76. Intengan HD and Schffrin EL. “Vascular remodeling in hypertension: roles of apoptosis, inflammation, and fibrosis”. Hypertension 38(3 Part 2) (2001): 581-587.
  77. Kumar V., et al. “Robbins and Cotran Pathologic Basis of Disease”. (8th edition.) Saunders, Philadelphia (2010): 487-506.
  78. Altura BM., et al. “Expression of the nuclear factor-kB and proto-oncogenes c-Fos and C-Jun are induced by low extracellular Mg2+in aortic and cerebral vascular smooth muscle cells: Possible links to hypertension, atherogenesis and stroke”. American Journal of Hypertension 16 (2003): 701-707.
  79. Altura BM., et al. “Short-term magnesium deficiency upregulates ceramide synthase in cardiovascular tissues and cells: cross-talk among cytokines, Mg2+, NF-kB and de novo ceramide”. American Journal of Physiology-Heart and Circulatory Physiology 302 (2012): 319-332.
  80. Altura BM., et al. “Short-term Mg-deficiency upregulates protein kinase C isoforms in cardiovascular tissues and cells relation to NF-KB, cytokines, ceramide salvage sphingolipid pathway and PKC-zeta: hypothesis and review”. International Journal of Clinical and Experimental Medicine 7 (2014): 1-21.
  81. Li L., et al. “Inhibition of nuclear factor-kB in the lungs prevents monocrotaline-induced pulmonary hypertension in mice”. Hypertension 63 (2014): 1260-1269.
  82. Morrill GA., et al. “Mg2+modulates membrane lipids in vascular smooth muscle: a link to atherogenesis”. FEBS Letters 408 (1997): 191-197.
  83. Morrill GA., et al. “Mg2+ modulates membrane sphingolipids and lipid second messengers in vascular smooth muscle cells.” FEBS Letters 440 (1998): 167-171.
  84. Altura BM., et al. “Magnesium deficiency upregulates serine palmitoyl transferase (SPT 1 and SPT 2) in cardiovascular tissues: relationship to serum ionized Mg and cytochrome C”. American Journal of Physiology-Heart and Circulatory Physiology 299 (2010): H932-H938.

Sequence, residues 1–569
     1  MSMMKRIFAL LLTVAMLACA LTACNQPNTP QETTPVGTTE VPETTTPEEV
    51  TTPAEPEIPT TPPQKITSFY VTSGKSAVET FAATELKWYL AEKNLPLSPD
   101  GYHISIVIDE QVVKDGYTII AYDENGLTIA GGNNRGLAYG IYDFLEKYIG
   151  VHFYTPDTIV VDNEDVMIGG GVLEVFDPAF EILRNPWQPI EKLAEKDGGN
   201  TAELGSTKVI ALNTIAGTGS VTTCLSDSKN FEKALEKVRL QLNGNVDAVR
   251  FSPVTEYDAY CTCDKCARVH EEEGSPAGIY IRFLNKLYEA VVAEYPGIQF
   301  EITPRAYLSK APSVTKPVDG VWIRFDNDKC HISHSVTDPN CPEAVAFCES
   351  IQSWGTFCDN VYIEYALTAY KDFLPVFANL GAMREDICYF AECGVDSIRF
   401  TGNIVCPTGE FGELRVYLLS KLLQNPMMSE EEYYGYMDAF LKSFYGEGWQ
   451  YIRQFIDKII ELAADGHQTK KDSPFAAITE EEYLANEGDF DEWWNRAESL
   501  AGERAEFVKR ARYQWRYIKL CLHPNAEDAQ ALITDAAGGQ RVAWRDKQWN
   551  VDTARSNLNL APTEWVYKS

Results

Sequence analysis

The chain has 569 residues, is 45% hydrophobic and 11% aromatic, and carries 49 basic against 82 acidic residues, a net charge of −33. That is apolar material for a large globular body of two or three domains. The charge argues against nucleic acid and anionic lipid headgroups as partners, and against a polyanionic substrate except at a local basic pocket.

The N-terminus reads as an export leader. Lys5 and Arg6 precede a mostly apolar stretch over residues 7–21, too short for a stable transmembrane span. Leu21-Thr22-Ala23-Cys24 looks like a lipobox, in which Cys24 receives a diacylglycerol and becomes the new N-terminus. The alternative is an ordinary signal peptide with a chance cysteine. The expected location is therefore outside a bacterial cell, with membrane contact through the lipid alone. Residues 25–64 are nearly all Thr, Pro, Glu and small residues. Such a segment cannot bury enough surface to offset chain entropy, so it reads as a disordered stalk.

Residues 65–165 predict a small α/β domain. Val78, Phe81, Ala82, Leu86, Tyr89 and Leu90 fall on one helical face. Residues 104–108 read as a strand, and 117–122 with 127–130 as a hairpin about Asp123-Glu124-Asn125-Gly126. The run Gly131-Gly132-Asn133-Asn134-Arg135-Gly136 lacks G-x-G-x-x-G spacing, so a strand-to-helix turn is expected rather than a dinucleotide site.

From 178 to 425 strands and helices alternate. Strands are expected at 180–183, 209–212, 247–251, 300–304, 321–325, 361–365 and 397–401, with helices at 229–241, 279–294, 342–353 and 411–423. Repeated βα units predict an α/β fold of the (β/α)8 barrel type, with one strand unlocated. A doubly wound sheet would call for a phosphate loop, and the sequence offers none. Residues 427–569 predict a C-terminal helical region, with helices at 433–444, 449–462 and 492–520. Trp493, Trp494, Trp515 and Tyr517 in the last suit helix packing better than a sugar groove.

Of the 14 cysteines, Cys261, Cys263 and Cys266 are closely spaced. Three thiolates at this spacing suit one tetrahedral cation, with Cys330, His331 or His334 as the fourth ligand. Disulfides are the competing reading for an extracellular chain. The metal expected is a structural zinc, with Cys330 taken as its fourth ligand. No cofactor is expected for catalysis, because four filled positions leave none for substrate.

85. Altura BM., et al. “Short-term magnesium deficiency upregulates sphingomyelin synthase and p53in cardiovascular tissues and cells: relevance to de novo synthesis of ceramide”. American Journal of Physiology-Heart and Circulatory Physiology 299 (2010): H2046-H2055.
  86. Altura BM., et al. “The expression of platelet-activating factor is induced by low extracellular Mg2+ in aortic, cerebral and neonatal coronary vascular smooth muscle : cross-talk with ceramide production, NF-kB and proto-oncogenes: Possible links to atherogenesis and sudden cardiac death in children and infants, and aging Hypothesis, review and viewpoint”. International Journal of Cardiovascular Research 3.1 (2016) 47-67. 
  87. Altura BM., et al. “Magnesium deficiency upregulates sphingomyelinases in cardiovascular tissues and cells: cross-talk among proto-oncogenes, Mg2+, NF-kB and ceramide and their potential relationships to resistant hypertension, atherogenesis and cardiac failure”. International Journal of Clinical and Experimental Medicine 6.10 (2013): 861-879.
  88. Petrache I., et al. “Involvement of ceramide in cell death responses in the pulmonary circulation”. Proceedings of the American Thoracic Society 8 (2011): 492-496. 
  89. Haimovitz-Friedman A., et al. “Ceramide signaling in apoptosis”. BMJ Journals 53.3 (1997): 539-553.
  90. Hannun YA and Obeid LM. “The ceramide-centric universe of lipid-mediated cell regulation: stress encounters of the lipid kind”. The Journal of Biological Chemistry 277.29 (2002): 25847-25850.
  91. Auge N., et al. “Sphingomyelin metabolites in vascular signaling and atherosclerosis”. Progress in Lipid Research 39.3 (2000): 207-239.
  92. Pandey S., et al. “Recent advances in immunobiology of ceramide”. Experimental and Molecular Pathology 82.3 (2007): 298-309.
  93. Fruhwirth GO., et al. “Oxidized phospholipids: From molecular properties to disease”. Biochimica et Biophysica Acta 1772.7 (2007): 718-736.
  94. Prescott SM., et al. “Platelet-activating factor and related lipid mediators”. Annual Review of Biochemistry 69 (2000): 419-445.
  95. Montrcchio G., et al. “Role of platelet-activating factor in cardiovascular pathophysiology”. Physiological Reviews 80.4 (2000): 1669-1699.